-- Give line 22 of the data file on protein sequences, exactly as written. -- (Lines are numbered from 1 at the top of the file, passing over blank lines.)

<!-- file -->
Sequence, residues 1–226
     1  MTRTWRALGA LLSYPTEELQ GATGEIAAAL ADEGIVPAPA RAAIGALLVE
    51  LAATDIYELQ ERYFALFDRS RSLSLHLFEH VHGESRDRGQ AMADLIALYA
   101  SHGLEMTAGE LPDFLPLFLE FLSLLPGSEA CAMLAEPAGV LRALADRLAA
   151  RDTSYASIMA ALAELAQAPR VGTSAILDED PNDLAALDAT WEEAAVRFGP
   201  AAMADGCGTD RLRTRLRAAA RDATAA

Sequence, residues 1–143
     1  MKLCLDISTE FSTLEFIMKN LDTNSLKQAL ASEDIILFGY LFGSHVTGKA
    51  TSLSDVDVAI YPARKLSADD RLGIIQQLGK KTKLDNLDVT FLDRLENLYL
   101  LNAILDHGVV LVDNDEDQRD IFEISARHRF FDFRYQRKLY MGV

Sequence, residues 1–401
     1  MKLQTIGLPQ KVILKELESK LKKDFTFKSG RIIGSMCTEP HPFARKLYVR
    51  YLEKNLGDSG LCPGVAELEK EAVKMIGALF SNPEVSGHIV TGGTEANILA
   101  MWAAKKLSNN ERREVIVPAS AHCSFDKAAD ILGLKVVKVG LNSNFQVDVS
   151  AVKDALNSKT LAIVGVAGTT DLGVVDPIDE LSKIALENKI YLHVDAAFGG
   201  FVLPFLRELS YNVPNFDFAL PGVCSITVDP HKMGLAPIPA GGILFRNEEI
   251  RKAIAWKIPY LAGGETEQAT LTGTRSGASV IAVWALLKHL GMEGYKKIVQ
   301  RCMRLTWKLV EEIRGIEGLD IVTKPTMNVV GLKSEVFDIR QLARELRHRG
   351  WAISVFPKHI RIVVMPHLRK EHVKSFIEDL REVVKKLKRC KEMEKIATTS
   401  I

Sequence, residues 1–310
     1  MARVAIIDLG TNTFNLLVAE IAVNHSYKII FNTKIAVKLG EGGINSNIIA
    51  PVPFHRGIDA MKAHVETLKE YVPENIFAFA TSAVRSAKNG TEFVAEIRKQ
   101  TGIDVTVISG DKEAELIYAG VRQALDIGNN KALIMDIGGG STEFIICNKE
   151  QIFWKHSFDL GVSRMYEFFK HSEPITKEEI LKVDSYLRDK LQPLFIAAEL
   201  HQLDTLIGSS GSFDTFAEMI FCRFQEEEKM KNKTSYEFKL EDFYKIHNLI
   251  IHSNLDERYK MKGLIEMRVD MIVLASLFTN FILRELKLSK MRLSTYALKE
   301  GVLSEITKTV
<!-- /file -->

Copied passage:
     1  MARVAIIDLG TNTFNLLVAE IAVNHSYKII FNTKIAVKLG EGGINSNIIA